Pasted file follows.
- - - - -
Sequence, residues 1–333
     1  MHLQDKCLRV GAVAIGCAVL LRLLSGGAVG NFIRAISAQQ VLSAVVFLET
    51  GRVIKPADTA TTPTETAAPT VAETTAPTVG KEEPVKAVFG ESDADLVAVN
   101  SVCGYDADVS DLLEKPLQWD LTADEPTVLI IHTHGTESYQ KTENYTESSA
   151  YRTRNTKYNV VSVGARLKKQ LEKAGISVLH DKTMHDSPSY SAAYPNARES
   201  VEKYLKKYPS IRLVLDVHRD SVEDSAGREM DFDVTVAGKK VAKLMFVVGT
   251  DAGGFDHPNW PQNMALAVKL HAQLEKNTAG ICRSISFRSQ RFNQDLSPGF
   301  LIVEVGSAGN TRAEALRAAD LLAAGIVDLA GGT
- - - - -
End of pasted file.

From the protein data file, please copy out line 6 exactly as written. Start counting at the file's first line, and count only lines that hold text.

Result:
   201  VEKYLKKYPS IRLVLDVHRD SVEDSAGREM DFDVTVAGKK VAKLMFVVGT